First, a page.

When the Uganda Airlines (UR) inaugural flight lands at Johannesburg on May 31, it will be an exciting moment for the airline.
“Johannesburg is very important for us for business, leisure and VFR purposes,” Roger Wamara, the airline’s COO, told Tourism Update in an exclusive interview. “Johannesburg has a large diaspora of Ugandan people, and the big South African companies, like MTN, Shoprite, Standard Bank and others, have a presence in Uganda.”
Wamara said the hub-and-spoke concept was very important for the airline, and Uganda Airlines will build on this concept at Entebbe International Airport. “This is the key to making UR a truly international carrier,” he said.
This determination to be an international airline is already evident. The carrier already conducts scheduled services to a network of several international destinations in the region – Juba in South Sudan; Mogadishu in Somalia; both Nairobi and Mombasa in Kenya; Kilimanjaro, Dar es Salaam and Zanzibar in Tanzania; Bujumbura in Burundi and Kinshasa in the DRC.
Johannesburg is the first destination outside the East African region, but the airline is due to start services to Dubai at the end of June, London in July and both Mumbai and Guangzhou later this year. All these long-haul destinations are the reason it’s adding A330-800 neo aircraft to its fleet, having taken delivery of two during the past six months. It also has plans for a route to Addis Ababa and to go west to Lagos and Accra.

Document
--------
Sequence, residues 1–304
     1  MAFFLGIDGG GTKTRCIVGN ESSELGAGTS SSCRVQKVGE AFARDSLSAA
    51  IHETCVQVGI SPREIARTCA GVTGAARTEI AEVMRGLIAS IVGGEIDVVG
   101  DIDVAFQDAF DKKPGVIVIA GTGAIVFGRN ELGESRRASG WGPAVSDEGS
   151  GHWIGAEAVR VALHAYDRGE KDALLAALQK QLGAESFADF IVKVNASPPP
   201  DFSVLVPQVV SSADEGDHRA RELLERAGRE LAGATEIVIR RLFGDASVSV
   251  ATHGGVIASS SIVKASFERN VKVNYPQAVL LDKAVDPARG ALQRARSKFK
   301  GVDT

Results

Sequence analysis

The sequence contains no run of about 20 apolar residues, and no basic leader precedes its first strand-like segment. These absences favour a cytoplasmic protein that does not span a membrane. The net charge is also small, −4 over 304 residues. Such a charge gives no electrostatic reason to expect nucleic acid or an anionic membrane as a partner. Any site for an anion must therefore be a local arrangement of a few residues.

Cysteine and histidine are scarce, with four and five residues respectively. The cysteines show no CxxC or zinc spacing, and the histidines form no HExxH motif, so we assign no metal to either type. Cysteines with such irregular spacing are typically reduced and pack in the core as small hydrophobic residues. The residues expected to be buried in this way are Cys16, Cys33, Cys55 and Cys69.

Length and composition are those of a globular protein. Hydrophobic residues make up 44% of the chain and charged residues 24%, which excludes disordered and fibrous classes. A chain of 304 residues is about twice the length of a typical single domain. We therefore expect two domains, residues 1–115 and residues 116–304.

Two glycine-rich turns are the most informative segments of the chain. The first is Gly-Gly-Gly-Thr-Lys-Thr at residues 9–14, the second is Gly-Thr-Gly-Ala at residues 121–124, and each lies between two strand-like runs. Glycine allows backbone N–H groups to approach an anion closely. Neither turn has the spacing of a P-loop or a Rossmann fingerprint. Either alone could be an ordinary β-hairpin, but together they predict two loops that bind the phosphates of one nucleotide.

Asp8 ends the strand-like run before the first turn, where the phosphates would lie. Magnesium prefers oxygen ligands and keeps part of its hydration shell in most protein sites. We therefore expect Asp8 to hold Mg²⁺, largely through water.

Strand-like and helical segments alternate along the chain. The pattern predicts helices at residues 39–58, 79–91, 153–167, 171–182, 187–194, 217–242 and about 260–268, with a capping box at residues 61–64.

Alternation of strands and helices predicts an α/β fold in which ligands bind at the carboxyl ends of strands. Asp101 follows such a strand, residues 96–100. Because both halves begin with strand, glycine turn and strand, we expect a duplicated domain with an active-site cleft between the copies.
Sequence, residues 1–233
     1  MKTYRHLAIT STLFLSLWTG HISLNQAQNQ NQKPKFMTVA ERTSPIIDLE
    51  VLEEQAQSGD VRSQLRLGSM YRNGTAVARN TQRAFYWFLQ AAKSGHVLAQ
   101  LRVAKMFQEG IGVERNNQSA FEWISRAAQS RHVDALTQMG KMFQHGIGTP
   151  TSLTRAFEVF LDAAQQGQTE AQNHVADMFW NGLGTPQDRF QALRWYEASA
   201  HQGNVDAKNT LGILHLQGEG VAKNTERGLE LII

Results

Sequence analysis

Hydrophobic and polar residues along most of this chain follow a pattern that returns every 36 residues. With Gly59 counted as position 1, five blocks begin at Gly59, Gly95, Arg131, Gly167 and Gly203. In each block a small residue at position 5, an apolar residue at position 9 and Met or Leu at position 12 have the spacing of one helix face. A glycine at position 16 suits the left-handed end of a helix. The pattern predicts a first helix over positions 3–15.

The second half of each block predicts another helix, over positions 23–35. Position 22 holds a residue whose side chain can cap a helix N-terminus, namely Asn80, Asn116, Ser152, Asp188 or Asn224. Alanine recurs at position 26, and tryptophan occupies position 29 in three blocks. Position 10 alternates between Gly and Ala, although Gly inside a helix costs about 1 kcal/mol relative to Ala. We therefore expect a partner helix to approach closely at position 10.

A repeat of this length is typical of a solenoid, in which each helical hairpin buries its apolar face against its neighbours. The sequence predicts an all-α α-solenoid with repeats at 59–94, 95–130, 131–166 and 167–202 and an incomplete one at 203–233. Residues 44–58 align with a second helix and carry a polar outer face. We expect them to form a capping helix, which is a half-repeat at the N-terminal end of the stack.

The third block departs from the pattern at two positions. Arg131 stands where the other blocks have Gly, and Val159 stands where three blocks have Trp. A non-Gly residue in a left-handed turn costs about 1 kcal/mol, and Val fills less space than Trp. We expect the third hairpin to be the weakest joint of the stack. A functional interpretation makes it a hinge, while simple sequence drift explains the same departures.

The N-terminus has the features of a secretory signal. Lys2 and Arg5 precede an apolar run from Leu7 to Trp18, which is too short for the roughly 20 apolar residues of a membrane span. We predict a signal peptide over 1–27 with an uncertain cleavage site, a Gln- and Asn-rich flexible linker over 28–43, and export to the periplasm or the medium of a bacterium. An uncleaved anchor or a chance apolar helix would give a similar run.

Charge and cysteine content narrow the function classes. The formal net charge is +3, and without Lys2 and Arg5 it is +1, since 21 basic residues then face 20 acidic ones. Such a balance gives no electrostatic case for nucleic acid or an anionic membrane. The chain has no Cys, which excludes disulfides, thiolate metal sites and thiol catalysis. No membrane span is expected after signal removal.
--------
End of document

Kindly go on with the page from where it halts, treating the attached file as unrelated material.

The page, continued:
Uganda borders on the north-west shores of Lake Victoria, and on the eastern shores of Lake Albert. It contains several great lakes too, like Kyoga and Kwania, and several smaller lakes, as well as many rivers. The Victoria Nile flows through Uganda, into and out of Lake Albert, after which it flows through northern Uganda and is known as the Albert Nile. Apart from the beautiful scenery, Wamara says white-water rafting and other adventure activities are available at several places along the Nile.
Uganda’s most well-known attraction is primate-viewing. The country has 60 protected areas, including ten national parks. Uganda is home to a vast number of species, including mountain gorillas; chimpanzees; red-tailed, golden, and Patas monkeys; and black and white colobus. There are around 5 000 elephants, mostly in the areas of Kidepo, Murchison-Semliki, and Greater Virunga.
Private air operators and land transport providers conduct expeditions to wildlife parks – Wamara says everything is within a five-hour drive of Kampala. Adventure activities include fishing tours, gorilla and chimpanzee trekking, boat cruises, mountain hiking and bird safaris. The Shoebill draws bird fanciers from around the globe hoping to catch a rare glimpse of this giant, highly endangered bird, and Shelley’s Crimsonwing, one of the rarest birds on earth, is on birders’ bucket lists. They inhabit a thin strip of volcanoes and mountains bordering Uganda, known as the Albertine Rift.
And for those who like to party around the world, there is more good news. Wamara says Kampala is well known in the region as the entertainment and party capital of East Africa.
He said, currently, entry into Uganda was dependent only on a negative PCR test before boarding at the passenger’s origin. For those from its ‘amber list’, a second test is required on arrival, which means a wait of around four hours at the airport. Transit passengers have no additional restrictions.
Tourism workers in Uganda have been given COVID-19 vaccination priority status, and many are already fully vaccinated.
“It’s a great destination to visit! Come and see a different part of Africa in safety and security. It’s culturally interesting and the people are friendly. If you come once, you will come back again,” said Wamara.